‘Ramen Shop’ (‘Ramen Teh’): Film Review | Berlin 2018

Takumi Saito plays a young Japanese chef looking for his roots in Singapore and pop star Seiko Matsuda is his food muse in Eric Khoo’s reunion drama, ‘Ramen Shop’ (‘Ramen Teh’).

Singapore’s best-known director, Eric Khoo (My Magic, Tatsumi), was tapped to celebrate 50 years of diplomatic relations between his country and Japan, and what better way to bring nations together than over a steaming plate of delicious chow? In his mouth-watering, sentiment-laden family film Ramen Shop (Ramen Teh), a young Japanese chef visits Singapore in search of his mother’s roots and ends up fusing the best of two cuisines. It marks Khoo’s second trot to Berlin’s Culinary Cinema sidebar after his 2015 Wanton Mee. The MK2 release should be awarded stars by VOD viewers in particular.

Though this co-production from Singapore, Japan and France wanders dangerously close to becoming a sentimental Asian pudding at times, it is saved by its underlying theme of forgiveness and reconciliation between long-estranged family members, for whom the cruel memory of the Japanese invasion and occupation of Singapore during World War II is still alive. When the protagonist pays a visit to a war museum, Japanese atrocities are not glossed over. Yet they seem to come as a shocking revelation to a member of his 30-something generation.

The Bottom Line

Feel-good culinary fusion from Asia.

The most difficult thing for foreign audiences to digest in Ramen Shop is the opening scenes, which whiz by in multiple languages — Japanese, Mandarin and Cantonese — that are supposed to provide clues to the story and its location. It’s daunting not to know for sure in what country the action is taking place as the characters are introduced in a confusing opener.

After some lost screen time, things begin to clear up. Masato, played by actor-director Takumi Saito of 13 Assassins and Manhunt (who incidentally won last year’s Asian New Talent Award for directing Blank 13), is a young Japanese chef visiting Singapore to explore its cuisine and at the same time learn more about his Singaporean mother. Saito’s intelligent presence deepens the story considerably. Self-possessed but never aloof in his quest, his warmth and curiosity lead the story into safer waters.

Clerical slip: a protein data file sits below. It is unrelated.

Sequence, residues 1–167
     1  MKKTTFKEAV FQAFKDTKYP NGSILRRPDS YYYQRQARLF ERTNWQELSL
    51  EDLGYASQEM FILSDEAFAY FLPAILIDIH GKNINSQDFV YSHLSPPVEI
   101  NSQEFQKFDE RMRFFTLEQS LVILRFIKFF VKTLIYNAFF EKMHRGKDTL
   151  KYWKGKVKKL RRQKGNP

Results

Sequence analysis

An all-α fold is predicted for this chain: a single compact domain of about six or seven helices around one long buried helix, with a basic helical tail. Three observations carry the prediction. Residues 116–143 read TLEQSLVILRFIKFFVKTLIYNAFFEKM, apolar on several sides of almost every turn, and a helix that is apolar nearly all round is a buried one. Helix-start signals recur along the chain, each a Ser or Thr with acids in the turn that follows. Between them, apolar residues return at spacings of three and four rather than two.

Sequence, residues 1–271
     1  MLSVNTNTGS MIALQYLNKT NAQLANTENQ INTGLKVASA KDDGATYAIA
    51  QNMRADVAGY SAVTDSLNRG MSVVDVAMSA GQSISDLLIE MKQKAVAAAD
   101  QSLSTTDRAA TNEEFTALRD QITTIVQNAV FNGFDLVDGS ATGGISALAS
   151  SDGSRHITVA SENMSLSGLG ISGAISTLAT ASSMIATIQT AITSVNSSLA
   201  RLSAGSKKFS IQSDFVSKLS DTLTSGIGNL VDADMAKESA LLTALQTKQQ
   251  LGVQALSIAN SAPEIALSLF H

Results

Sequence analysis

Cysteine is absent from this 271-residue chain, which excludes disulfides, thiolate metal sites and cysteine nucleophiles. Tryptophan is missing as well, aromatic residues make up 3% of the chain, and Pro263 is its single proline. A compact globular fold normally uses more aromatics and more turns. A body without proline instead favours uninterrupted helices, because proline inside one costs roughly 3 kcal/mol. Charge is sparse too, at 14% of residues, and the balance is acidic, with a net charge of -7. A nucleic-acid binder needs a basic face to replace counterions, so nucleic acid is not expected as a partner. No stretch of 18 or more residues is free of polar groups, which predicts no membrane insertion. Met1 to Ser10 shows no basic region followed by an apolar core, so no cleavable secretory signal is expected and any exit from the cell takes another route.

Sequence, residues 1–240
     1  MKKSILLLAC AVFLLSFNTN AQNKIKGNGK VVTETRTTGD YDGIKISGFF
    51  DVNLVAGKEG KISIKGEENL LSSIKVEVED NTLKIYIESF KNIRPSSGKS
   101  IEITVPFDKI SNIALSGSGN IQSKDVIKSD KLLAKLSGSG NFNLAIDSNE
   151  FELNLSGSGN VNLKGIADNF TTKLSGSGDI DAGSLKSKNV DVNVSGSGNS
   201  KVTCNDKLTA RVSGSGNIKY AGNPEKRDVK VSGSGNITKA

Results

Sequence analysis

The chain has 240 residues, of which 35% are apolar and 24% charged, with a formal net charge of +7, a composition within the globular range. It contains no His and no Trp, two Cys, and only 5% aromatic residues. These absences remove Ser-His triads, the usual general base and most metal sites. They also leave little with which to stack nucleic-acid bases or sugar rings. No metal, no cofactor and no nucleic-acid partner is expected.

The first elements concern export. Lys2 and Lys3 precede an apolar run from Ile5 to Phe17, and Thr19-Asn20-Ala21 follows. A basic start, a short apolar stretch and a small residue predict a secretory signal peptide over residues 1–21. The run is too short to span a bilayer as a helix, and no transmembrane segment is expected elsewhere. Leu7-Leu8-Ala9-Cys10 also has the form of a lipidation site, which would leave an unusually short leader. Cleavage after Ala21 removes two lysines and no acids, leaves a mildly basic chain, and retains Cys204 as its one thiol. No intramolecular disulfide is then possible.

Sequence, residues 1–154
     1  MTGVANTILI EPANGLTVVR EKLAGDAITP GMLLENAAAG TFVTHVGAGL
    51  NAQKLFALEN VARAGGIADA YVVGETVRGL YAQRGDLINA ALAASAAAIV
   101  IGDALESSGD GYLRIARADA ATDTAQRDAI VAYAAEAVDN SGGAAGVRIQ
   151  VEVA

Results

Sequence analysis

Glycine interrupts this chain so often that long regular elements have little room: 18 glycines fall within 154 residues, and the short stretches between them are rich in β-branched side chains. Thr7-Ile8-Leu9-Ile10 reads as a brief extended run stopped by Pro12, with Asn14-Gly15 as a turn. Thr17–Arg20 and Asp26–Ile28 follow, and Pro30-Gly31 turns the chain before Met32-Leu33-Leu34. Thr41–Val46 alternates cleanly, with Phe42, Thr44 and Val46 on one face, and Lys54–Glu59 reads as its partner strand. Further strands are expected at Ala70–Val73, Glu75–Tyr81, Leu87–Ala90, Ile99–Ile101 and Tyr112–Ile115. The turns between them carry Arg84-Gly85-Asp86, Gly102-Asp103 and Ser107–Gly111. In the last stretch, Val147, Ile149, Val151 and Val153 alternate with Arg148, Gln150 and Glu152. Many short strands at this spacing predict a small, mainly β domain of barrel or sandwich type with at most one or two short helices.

He’s puzzled why he has never met his grandmother or other relatives living in Singapore. After an emotional recognition scene with his maternal uncle (a frank, sharply amusing Mark Lee), he moves in with the family and gets some cooking lessons. His first meeting with his pig-headed grandma (Beatrice Chien) is a disaster — she refuses to acknowledge his existence. But he doesn’t give up trying to get through to her with food, the best way to granny’s heart.

Apart from the beginning, the story is told skillfully through flashbacks to the courtship of Masato’s parents and his own broken home. Family reconciliation is interwoven with his exploration of local delicacies in his uncle’s steaming restaurant, and in outings with food blogger Miki, who is played with natural charm by Japanese pop idol Seiko Matsuda. She guides him and the audience through some very exotic dishes, like the ginger pork loins called “bak kut teh.”

Masato proves his valor, and gives the film a happy ending, by inventing a combo of iconic Japanese ramen noodles and Singapore’s signature bak kut teh. (The recipe is thoughtfully provided in the press book, along with the news that the production company hired chef Keisuke Takeda to create the dish.)

Production companies: Wild Orange Artists, Zhao Wei Films, Comme des Cinemas, Version Originale
Cast: Takumi Saito, Jeanette Aw, Mark Lee, Beatrice Chien, Tsuyoshi Ihara, Tetsuyo Bessho, Seiko Matsuda
Director: Eric Khoo
Screenwriters: Tan Fong Cheng, Wong Kim Hoh
Producers: Yutaka Tachibana, Tan Fong Cheng, Masa Sawada, Eric Le Bot, Huang Junxiang
Director of photography: Brian Gothong Tan
Costume designer: Meredith Lee Wein Lin
Editor: Natalie Soh
Music: Kevin Mathews
Casting director: Felicia Tan
World sales: MK2 Films
Venue: Berlin Film Festival (Culinary Cinema)
90 minutes